It's all fine and good thanking service members for their service. What they need is not a handshake but a hand-up into a job that will help restore their self-reliance and facilitate a more normal life out of the military. It can be a huge adjustment, but with understanding and patience from employers and co-workers, it would be one helluva great home-coming gift!

Friday, November 11, 2011


"Let there be peace on earth
and let it begin with me."

Monday, November 7, 2011

5 days

Five days from today is Veterans' Day. All the ads in the Sunday newspapers made me think about how veterans themselves might view what has happened to this day of remembrance and thanksgiving.

Yes, I know the official Thanksgiving is the last Thursday in November. The sale ads for the day after -- "Black Friday" -- are already being hinted at. That holiday is observed for a completely different reason and has evolved far away from it's original intent.

Even now with so many American military members overseas, we are encouraged to focus on buying stuff on the one day intended to honor our veterans.

Veterans' Day isn't even observed by many employers. It has become a regular work day so that employees can be off to spend bundles on "Black Friday"! For the folks who remember their family members and friends who served their country, this may be a painful reminded of how their sacrifices are ignored.

For a high school classmate of mine, Veterans' Day and Christmas Eve are two difficult days. Nancy's older brother John was sent to Vietnam in 1968, within days of completing basic training. Five days later, he stepped into a rice paddy and was shot dead.

Five days after completing grueling training which was rushed because so many young men were dying in Southeast Asia and needed to be replaced, John was no more. Five days wasn't even enough time to grow a decent mustache . . .

His family was at the airport when his remains were brought back to the States for burial -- on Christmas Eve. As sometimes happens, a SNAFU on the identities of several other caskets caused even more agony for the families.

Losing a family member messes up family dynamics. It certainly did in Nancy's family. Her younger brother was so traumatized by his brother's death that he ran away. All these years later, he has very little contact with his parents and siblings.

Military service is honorable and noble -- no doubt about it. It can also throw families into turmoil and cause unimaginable pain. With both men and women being deployed thousands of miles away for incredibly long periods, it's a wonder families can survive. Children can feel abandoned. They cannot understand why Mom or Dad's job sends them so far away from home for so long. Sometimes they blame themselves.

I don't care about missing "fantastic sales" this Friday. I'll sacrifice the sales to remember family and friends who sacrificed their time, health and often their sanity to protect me and our country.

Friday, November 4, 2011

A Friday Chuckle

Dad took this picture of my younger brother, Peter and our younger sister, Patty a long time ago. Pete has always been a bit of a teaser . . . maybe I should leave it at that. Our youngest sibling would probably have a different take on Pete's humor. Anyway, they were both adorable babies and I was enough older that I could enjoy them. Hope you have a great weekend!

Tuesday, November 1, 2011


What I dreaded most about a recent, horrendous crime was confirmed by a Washington Post columnist today. I had so hoped that I was wrong.

The gist: two females at a high-end suburban store got into a fight that ended in murder. One was the manager and the other was an employee who had been caught stealing. It was a very noisy, bloody fight that lasted for quite a while and only ended with the manager's gruesome death.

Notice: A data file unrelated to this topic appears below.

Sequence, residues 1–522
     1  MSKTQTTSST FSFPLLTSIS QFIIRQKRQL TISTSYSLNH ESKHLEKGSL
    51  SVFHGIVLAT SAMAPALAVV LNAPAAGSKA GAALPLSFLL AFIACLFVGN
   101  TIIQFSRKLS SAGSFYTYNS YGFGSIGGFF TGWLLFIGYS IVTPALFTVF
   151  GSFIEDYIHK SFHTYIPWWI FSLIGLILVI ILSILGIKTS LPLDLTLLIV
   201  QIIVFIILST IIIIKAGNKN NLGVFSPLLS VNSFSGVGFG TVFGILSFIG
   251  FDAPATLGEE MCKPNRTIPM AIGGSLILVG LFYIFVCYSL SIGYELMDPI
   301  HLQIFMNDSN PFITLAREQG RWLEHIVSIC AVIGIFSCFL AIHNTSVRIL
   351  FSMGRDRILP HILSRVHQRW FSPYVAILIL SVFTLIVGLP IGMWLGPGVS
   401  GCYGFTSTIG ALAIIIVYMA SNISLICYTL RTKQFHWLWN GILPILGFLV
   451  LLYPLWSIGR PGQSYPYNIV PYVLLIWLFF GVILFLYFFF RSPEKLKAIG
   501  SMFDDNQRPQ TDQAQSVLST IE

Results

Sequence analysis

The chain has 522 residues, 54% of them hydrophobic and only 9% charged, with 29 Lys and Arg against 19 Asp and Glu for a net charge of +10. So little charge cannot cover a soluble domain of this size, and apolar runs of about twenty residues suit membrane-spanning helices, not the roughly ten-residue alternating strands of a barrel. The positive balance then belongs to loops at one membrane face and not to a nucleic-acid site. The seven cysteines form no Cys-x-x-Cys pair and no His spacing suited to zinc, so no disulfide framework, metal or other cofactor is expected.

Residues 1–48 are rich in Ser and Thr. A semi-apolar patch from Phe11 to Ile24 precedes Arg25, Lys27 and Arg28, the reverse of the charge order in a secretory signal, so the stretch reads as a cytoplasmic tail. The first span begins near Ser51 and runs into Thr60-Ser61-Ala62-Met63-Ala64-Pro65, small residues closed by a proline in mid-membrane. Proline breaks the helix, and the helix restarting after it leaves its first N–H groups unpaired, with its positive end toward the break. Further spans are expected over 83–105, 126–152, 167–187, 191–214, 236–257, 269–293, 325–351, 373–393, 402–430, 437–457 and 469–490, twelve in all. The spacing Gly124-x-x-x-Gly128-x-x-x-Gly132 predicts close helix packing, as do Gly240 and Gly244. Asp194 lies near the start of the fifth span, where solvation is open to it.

This high-end store is in a shopping mall and shares a wall with another store whose employees were also working late. They heard everything, including screams for help and did a b s o l u t e l y n o t h i n g.

I cannot imagine what was going through their heads as they listened to terrified screams and pleas for help through the wall. It's not as if their lives were in danger. So why didn't they call 911? Not one of them has offered an answer to that question.

It's been about 50 years since Kitty Genovese was repeatedly stabbed outside of her apartment complex in NY. People watched and listened to her screams from their windows yet did nothing to help her.

If we all maintain an attitude of not wanting to get involved what is to stop criminals or sociopaths from harming others? With the 911 system, it's so easy to simply pick up a phone, dial the number and report anything suspicious. It's easy and necessary and can be anonymous!

I still live with my shame of several years ago. We had a neighbor who had recently separated from his wife. They had two sons, one of whom was 3 or 4 years old. We often heard shouted telephone conversations between our neighbor and his estranged wife through our bedroom wall.

When the younger boy came to visit his father for a weekend, the parents got into a tug-of-war over him on the side walk. The father had the boys torso and the mother was pulling on his legs. Both were shouting at each other and the boy was hysterical.

Having heard this man berate and curse his wife, I was afraid of him, so I tortured myself hoping that they would realize what they were doing and stop. After several minutes of their ugly scene, I looked up the number for Child Protective Services and called them. The man who answered advised me to call the police, but by then the parents had left the scene.

Helping someone in trouble doesn't always require endangering your own life. Police are trained to handle all sorts of gnarly situations, but they have to be alerted to them to do anything.

I would hope that if I were in a scary situation someone would come to my rescue or, at least notify the police. I have to live with my slow actions but I won't repeat them. If I see or hear something untoward, I won't hesitate to notify authorities. We are, after all, our brother's keeper.